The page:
Novak Djokovic was the great ruler of this first part of the season, having already posted both the Australian Open and Roland Garros titles. Despite recent successes and the prospect of memorable new ventures, the world’s No. 1 still does not enjoy full fan support. Even during the opening week of Wimbledon, the Serbian phenomenon was often targeted by the public, who decided to take the side of Denis Kudla in the third round match staged on Field No. 1. Unlike his eternal rivals Roger Federer and Rafael Nadal, the 34-year-old from Belgrade has been at the center of some controversial episodes, which have affected the ‘purity’ of his image. Many will remember the infamous organization of the Adria Tour last year, which generated an outbreak of infections before being canceled. During a long interview with the Times, his coach Goran Ivanisevic analyzed how people tend to underestimate the many good deeds Nole has done.
Ivanisevic on Novak Djokovic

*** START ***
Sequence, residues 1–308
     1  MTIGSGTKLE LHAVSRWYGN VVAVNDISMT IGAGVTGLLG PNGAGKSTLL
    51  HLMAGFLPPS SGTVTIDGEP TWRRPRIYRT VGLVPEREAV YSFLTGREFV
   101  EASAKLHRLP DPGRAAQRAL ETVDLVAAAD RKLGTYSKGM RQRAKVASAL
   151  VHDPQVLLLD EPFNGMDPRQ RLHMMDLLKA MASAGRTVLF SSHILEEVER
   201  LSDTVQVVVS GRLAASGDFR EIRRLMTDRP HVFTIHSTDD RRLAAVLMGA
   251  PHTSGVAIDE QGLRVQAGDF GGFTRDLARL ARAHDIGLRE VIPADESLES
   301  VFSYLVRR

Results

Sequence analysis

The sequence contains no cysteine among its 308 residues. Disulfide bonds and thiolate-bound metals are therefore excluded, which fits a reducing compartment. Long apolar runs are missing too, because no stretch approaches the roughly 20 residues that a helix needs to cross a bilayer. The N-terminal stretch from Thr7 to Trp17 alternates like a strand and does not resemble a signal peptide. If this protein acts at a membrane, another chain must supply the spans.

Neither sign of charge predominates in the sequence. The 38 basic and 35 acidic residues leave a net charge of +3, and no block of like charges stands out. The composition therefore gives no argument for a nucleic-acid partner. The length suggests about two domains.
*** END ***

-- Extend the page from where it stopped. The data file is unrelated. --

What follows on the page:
“Sometimes people only pick out the bad things Novak Djokovic does,” Goran Ivanisevic stated. “They don’t see the good he does in helping others. He is the person who is not afraid to speak out, the only tennis player who stands up for the other players. He is the Robin Hood of tennis.” Ivanisevic believes Djokovic is his own biggest rival because of his never-ending quest for perfection. “The biggest opponent to Novak is himself,” said Ivanisevic. “Sometimes he creates a problem. In my head a shot is OK but in his head it isn’t. He wants to be more perfect.” Ivanisevic claimed he had faith in Djokovic’s ability to win the Calendar Slam well before he joined the Serb’s coaching team. “Seven years ago, I said Novak Djokovic was the only man who could win all four Slams in one year,” the Croat added. “Why? The guy has the best game for all surfaces and is so hungry to be better, better, better.” Shapovalov, who has lost in all his six career matches against Djokovic, has a monumental task at hand. But his spectacular semifinal performance against Khachanov, a match in which he hammered a whopping 17 aces, brightens his chances against the defending champion. Up against Djokovic, the greatest returner in the game, maintaining a high percentage of first serves is of utmost importance for Shapovalov. Having fired 15 plus aces in each of his last two matches, the 22-year-old could ease off pressure by winning a high number of free points if he can continue to keep up the same numbers against Djokovic.